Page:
(KCLU photo)

This weekend marks a tough anniversary in Santa Barbara County.  January 9th marks three years since the Montecito debris flow tore through the community.  It will be commemorated with a ceremony Saturday night.

23 people died, more than 160 were injured, and hundreds of homes were destroyed or damaged by the torrent of mud, boulders, debris, and water.


A South Coast restaurant is giving residents the chance to take-out a flavor of Italy.

The Rosewood Miramar Beach in Montecito has introduced to-go dining, featuring executive chef Massimo Falsini’s favourite recipes from his Italian grandmother’s cookbook. 

FEMA has awarded Santa Barbara County more than $13 million dollars towards building a new debris basin to try to prevent more disastrous mud and debris flows in Montecito.

In January of 2018, the community was devastated by an avalanche of rock, mud, water, and debris which swept through the community after nearby mountain slopes were stripped bare by the Thomas wildfire.  23 people died.

A new documentary directed by one of the South Coast’s most famous residents looks at the deadly 2018 Montecito debris flow, which killed 23 people.

Actor Rob Lowe’s film “Madness In The Hills” tells the story of the disaster largely through the eyes of survivors and first responders.  Lowe is a Montecito resident.  The film examines factors which led to the debris flow, which Lowe says includes climate change.

(Montecito Fire Department)

It’s been a controversial issue in one coastal community.  Parking has been an issue for beachgoers and residents in parts of Montecito.

Now, there’s a new wrinkle to the situation.  The Montecito Fire Department says increased traffic and parking on Miramar Avenue, and Humphrey’s Road has impacted their emergency access to the area.

Detectives say the Santa Barbara County home of television talk show host Ellen DeGeneres was burglarized.

Investigators say the Montecito home owned by DeGeneres and her wife, actress Portia de Rossi, was hit on the Fourth of July.

An internationally known music program which attracts aspiring young musicians from around the world to the South Coast is going to take its annual summer music festival completely online.

The Music Academy of the West had already announced it was going to take part of its summer program online, but officials now say all events this June, July, and August will be on the web.

An Academy Award nominated actor whose movie and television career spanned more than a half century has died at his Santa Barbara County home. Stuart Whitman appeared in classic movies like “Those Magnificent Men In Their Flying Machines” and the World War Two epic “The Longest Day.”

John Palminteri

Hundreds came out to Westmont College to remember the second anniversary of the Montecito debris flow disaster.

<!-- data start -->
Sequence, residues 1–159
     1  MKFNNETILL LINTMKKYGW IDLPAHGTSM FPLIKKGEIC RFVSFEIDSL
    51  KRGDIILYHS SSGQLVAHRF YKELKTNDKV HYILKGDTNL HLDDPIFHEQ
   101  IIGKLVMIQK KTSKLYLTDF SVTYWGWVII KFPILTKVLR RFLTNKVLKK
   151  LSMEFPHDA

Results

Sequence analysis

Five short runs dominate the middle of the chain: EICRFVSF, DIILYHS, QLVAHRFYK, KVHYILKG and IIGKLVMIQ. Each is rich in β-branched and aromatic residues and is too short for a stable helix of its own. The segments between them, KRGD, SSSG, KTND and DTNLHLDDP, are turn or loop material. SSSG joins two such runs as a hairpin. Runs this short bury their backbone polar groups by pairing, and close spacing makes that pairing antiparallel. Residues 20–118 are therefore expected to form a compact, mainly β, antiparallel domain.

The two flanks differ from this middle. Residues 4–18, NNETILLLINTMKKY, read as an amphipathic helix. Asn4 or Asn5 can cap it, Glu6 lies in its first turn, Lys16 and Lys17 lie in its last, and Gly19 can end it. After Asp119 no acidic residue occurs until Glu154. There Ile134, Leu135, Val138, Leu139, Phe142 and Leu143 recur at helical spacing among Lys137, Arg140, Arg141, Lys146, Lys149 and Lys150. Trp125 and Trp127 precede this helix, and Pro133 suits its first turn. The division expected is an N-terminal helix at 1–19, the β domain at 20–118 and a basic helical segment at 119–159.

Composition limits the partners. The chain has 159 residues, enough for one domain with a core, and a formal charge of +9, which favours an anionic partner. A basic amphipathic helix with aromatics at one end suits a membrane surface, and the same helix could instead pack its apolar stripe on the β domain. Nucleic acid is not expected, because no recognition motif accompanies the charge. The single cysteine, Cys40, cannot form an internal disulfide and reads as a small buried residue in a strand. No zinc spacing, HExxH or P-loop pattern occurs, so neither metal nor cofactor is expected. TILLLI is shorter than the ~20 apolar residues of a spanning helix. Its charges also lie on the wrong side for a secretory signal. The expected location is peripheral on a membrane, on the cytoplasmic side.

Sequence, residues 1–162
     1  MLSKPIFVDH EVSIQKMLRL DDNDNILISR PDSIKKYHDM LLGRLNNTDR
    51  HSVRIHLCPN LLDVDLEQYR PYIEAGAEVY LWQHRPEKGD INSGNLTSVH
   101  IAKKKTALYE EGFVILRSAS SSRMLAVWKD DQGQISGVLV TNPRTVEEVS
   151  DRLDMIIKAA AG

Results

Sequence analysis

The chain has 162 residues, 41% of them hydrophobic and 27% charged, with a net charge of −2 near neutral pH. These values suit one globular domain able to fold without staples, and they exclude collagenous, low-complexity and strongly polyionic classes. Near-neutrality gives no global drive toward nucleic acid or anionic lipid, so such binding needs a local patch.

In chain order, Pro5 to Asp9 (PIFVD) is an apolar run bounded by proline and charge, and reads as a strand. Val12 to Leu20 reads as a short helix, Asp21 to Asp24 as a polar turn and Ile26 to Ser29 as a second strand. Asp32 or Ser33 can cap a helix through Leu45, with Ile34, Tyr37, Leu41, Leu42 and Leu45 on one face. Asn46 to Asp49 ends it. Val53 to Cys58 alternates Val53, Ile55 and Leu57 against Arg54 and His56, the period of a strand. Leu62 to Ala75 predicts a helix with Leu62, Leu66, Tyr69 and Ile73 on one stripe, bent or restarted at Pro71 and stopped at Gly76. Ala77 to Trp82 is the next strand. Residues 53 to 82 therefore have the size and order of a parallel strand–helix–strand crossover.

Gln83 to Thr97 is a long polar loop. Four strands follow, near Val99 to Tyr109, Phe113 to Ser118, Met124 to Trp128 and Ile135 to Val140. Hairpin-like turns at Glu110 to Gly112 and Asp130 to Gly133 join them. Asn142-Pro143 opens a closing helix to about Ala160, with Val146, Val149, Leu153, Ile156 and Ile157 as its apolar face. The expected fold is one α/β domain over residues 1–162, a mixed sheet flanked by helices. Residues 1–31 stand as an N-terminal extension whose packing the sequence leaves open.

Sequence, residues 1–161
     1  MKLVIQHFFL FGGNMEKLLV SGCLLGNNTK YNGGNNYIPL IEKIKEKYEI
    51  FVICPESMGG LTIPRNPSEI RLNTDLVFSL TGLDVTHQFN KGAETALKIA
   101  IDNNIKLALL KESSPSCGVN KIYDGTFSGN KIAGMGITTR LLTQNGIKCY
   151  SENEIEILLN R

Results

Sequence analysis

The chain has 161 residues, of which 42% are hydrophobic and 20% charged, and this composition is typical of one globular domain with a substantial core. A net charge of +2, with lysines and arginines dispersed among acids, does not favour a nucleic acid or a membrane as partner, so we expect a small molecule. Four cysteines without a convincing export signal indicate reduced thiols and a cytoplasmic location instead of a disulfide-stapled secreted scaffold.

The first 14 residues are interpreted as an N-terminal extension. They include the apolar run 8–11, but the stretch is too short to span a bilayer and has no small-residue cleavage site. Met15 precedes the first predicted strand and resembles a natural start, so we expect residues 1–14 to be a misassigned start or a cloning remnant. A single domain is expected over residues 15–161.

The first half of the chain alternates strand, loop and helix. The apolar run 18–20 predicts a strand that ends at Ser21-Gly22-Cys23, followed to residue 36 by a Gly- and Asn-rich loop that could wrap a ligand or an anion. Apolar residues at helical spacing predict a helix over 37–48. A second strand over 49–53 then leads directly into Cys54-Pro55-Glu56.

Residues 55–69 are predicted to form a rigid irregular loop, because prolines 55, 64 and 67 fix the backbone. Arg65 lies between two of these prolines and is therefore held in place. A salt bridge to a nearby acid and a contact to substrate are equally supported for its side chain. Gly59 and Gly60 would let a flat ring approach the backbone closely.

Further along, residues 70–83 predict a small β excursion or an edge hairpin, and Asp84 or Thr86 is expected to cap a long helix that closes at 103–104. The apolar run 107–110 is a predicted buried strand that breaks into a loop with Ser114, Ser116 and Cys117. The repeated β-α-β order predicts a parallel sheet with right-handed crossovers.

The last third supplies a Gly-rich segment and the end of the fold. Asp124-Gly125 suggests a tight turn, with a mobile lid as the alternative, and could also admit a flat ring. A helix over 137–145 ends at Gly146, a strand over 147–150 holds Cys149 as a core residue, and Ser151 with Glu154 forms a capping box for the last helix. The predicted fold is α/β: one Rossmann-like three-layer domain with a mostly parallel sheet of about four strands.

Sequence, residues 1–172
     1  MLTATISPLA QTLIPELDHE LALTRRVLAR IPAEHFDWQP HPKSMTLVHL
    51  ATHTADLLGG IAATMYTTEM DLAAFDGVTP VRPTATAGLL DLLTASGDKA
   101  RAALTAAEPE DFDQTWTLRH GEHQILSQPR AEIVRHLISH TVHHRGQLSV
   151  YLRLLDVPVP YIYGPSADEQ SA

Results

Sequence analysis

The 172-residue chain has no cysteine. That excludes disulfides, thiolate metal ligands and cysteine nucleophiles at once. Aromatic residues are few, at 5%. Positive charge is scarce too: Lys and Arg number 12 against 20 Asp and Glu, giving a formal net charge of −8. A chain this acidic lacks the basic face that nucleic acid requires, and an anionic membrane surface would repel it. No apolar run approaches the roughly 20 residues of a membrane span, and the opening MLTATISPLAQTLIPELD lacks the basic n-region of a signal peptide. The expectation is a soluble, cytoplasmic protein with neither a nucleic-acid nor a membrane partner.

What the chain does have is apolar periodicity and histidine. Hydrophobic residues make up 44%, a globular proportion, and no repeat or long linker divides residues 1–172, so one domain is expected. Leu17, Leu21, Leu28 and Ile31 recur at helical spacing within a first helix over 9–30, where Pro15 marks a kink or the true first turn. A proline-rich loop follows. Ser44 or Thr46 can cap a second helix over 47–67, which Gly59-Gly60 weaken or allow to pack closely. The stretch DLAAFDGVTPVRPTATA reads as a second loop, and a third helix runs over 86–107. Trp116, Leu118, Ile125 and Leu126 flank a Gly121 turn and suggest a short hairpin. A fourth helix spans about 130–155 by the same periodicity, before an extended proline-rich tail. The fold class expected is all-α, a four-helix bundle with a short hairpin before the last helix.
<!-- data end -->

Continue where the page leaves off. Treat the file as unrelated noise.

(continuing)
The disaster on January 9, 2018, claimed 23 lives and destroyed more than 150 homes.

An economic and market research company reports at the current pace, it could be 2029 before rebuilding is complete in Montecito from the deadly debris flow which devastated parts of the community.

Santa Barbara-based Robert Niehaus, Incorporated reviewed building permits and other documents related to recovery efforts.

It was a day no one who lived through it will ever forget.  Water, mud and debris rolled through Santa Barbara County’s foothills, killing 23 people, injuring more than 160, and destroying or damaging hundreds of homes. It was four in the morning on January 9th, 2018. The still burning Thomas brush fire had stripped the mountains above Montecito bare, and heavy rain sent the torrent streaming through the community.

(Photo by John Palminteri)

The winter storm which brought some heavy rain, snow, and even a tornado warning to parts of the Central and South Coasts is moving out of our area. Rainfall amounts topped two inches on parts of the South Coast. San Marcos Pass had 1.6” of rain, and Carpinteria 1.5”. There was some street flooding in Santa Barbara Wednesday night, but no major problems were reported in the region’s brush fire burn zones.

Photo submitted to John Palminteri / KEYT

Dogs were barking and some residents were woken up on the Montecito Coastline when a professional-style fireworks show exploded into the skies without warning around 9:40 P.M. Thursday night.

The show, which could be seen for miles, had numerous shells projected into the skies.

The sound reverberated into Santa Barbara and Mission Canyon, triggering phone calls to authorities and fire agencies.

The second wave of a big storm system is hitting the Central and South Coasts Thursday morning. It could drop one to two inches of rain in coastal and inland areas. The foothills and mountains could top four inches. There are no evacuation orders for the region, but the National Weather Service has issued a flood advisory for Santa Barbara County, including the Thomas, Whittier, and Sherpa brush fire burn areas.

The first wave of what’s expected to be a two part storm has arrived on the Central and South Coast, with the biggest punch expected in the second part. Part one of the storm has been pretty unimpressive, with rainfall amounts of less than a half inch for much of the Central and South Coasts. But, there’s a big plume of subtropical moisture streaming into California.